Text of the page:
If a group of like minded folks have already posted, not too many people will be comfortable “going against the grain” and present counter arguments for fear of having the group turn against them due to posting a contrary viewpoint. That goes for people who are knowledgeable on the subject as well as those that are not as well versed on what is being discussed. The more knowledge that someone has, in regards to the subject presented, will allow them to feel more comfortable making an online post with an opposing perspective. The more knowledgeable person will not have as hard of a time articulating their point of view and supporting their claim. A person not as informed, however, may present information to the discussion that isn’t completely true or may have more trouble expressing their opinion to those already in agreement.

These are not even taking into consideration the external factors that may come about when working through online posting such as the Practitioner’s Dilemma. If the online forum allows anonymity, people are more forthcoming with information because it cannot be traced back to them. Thus, the fear of judgment is removed. That is why people are more willing to express the rawness of how they feel on Yik Yak (social media site for anonymous message boards) rather than Facebook (where there is a profile picture, biographical information, and even friends). Another external factor can be the makeup of the group that is posting. If the issue forum is about women and birthing tips, the person who doesn’t care for having children will be less likely to give their full thoughts on the matter. In conclusion, there are many things that help shape our perspective on different issues, topics, and subjects. I don’t think that an online post is or should be assumed to be the true thoughts of the poster. It is so easy to craft any message that someone chooses for an online message board, but the truth is much oftentimes much harder to articulate. We can all craft whatever we think is acceptable to say when it is convenient, but it is when we have differing ideologies that we find it to truly say what is on our minds. Sure, you can post something online anonymously, but shouldn’t we all have the same boldness when our name appears under our actual thoughts as well? I think so.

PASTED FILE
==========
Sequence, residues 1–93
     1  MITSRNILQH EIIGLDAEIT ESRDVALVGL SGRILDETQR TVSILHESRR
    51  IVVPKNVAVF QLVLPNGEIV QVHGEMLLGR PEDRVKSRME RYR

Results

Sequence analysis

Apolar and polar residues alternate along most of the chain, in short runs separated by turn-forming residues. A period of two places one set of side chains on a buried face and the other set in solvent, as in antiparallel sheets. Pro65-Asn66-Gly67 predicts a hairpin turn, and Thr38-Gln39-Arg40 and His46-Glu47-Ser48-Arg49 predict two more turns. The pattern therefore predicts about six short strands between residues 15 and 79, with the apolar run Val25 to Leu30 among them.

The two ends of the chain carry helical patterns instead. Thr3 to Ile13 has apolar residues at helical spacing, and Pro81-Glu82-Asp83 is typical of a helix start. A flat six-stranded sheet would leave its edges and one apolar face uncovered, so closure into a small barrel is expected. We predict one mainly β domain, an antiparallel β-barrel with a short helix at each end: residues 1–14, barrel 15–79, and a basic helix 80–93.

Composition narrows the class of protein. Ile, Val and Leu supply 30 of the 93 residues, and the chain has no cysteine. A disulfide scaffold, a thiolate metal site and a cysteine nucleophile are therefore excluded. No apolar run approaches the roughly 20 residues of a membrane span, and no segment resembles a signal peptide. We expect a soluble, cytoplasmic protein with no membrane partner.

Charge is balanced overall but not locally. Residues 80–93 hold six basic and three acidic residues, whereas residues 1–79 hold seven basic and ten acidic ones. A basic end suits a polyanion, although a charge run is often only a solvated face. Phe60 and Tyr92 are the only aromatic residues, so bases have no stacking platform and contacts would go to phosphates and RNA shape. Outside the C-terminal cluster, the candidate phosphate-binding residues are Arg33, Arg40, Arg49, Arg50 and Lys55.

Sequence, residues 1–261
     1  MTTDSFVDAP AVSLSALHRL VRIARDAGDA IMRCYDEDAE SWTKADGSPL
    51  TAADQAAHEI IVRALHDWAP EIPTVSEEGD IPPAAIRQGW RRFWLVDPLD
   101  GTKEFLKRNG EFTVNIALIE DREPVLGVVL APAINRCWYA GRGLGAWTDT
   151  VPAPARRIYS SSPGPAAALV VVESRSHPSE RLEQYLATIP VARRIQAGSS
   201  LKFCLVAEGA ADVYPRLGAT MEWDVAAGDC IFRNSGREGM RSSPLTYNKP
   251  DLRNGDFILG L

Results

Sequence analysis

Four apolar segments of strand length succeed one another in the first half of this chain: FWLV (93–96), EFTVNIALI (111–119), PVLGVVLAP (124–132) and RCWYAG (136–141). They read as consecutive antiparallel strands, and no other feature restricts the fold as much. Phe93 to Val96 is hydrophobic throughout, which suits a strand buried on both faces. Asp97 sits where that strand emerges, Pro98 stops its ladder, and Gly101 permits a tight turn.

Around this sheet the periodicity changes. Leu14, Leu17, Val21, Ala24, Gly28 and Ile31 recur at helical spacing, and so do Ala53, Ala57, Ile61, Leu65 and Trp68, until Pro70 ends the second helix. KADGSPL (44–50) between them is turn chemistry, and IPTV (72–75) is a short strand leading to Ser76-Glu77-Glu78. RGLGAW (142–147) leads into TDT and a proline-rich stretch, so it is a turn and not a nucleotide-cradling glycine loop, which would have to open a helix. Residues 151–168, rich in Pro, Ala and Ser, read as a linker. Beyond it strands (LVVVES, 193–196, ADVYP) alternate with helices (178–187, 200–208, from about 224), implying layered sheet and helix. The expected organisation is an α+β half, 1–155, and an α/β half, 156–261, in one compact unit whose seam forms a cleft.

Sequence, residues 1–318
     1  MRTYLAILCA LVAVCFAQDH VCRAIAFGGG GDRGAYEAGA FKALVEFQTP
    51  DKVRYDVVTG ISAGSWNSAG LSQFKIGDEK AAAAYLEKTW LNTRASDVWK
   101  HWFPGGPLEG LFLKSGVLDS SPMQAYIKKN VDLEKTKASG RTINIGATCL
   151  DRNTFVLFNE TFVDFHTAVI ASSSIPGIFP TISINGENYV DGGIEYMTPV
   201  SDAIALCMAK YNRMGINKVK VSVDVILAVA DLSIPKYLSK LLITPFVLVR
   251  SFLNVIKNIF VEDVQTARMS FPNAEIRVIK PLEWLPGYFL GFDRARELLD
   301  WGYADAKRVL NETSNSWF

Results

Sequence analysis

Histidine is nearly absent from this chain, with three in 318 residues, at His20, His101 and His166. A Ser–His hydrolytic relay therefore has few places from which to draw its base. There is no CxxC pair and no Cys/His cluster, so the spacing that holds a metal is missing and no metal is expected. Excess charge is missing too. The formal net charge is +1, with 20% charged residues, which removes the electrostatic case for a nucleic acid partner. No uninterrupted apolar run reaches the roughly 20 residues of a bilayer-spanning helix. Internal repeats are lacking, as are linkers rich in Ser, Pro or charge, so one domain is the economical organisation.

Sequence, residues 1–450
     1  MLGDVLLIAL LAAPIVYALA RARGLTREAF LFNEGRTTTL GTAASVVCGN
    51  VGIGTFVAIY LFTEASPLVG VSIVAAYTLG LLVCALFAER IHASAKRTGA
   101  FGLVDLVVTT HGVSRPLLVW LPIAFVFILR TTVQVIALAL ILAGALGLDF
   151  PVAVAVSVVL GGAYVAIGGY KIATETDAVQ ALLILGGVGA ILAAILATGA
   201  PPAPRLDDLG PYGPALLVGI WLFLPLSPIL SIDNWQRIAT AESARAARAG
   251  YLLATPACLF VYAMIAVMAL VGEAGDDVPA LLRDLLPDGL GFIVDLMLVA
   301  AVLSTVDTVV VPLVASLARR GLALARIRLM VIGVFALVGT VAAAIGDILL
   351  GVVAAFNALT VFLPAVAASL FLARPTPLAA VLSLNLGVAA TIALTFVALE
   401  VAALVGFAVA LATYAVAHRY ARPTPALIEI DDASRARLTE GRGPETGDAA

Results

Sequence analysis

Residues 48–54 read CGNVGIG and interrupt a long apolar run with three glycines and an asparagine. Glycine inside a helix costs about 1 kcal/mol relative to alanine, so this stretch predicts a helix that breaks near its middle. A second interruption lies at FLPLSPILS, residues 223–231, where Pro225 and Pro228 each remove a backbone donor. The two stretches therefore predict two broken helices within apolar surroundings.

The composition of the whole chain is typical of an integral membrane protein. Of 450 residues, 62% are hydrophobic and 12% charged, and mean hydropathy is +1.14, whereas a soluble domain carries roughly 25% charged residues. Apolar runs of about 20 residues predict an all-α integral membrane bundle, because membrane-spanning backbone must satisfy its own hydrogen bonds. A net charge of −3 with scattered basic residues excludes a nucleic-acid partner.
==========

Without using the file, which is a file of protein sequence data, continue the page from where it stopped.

Image result for typing into lie detector




Sanders, Katie. “Honesty and Truth: A Practitioner’s Dilemma.” Progressions. Public Relations Student Society of America, 12 Mar. 2013. Web. 10 Oct. 2016.



Homeschool and Underage Drinking

This last summer I worked at a local swimming pool. One of my coworkers was currently being homeschooled and constantly perplexed me by his ideology and behaviors. One topic that occasionally arose during our breaks together was the idea of underage drinking. While my other coworkers who were still in high school were not against underage drinking, the coworker that was homeschooled would consistently argue against it.



This got me thinking about if there was a correlation between the underage drinking of homeschooled kids and their counterparts that go to public and private schools. Although I only know one person that is homeschooled, I think that people that are homeschooled are less likely to underage drink because they have stronger family ties. Since it is usually parents that tell teens not to consume alcohol, I think that homeschooled teens who naturally form a stronger bond with their parents would take their advice more often than a teen who attends a public/private school. Hypothesis: Homeschooled teens are less likely than public and private schooled teens to consume alcohol. Now I know my whole hypothesis is based off of the assumption that homeschooled teens have a stronger connection to their parents than normal teens, but since a hypothesis is only an educated guess, I think it is worth looking into. To delve into this topic, I will start by trying to find out if my assumption is correct about homeschoolers having a strong bond with their parents. After that, I will dig deeper to test my actual hypothesis.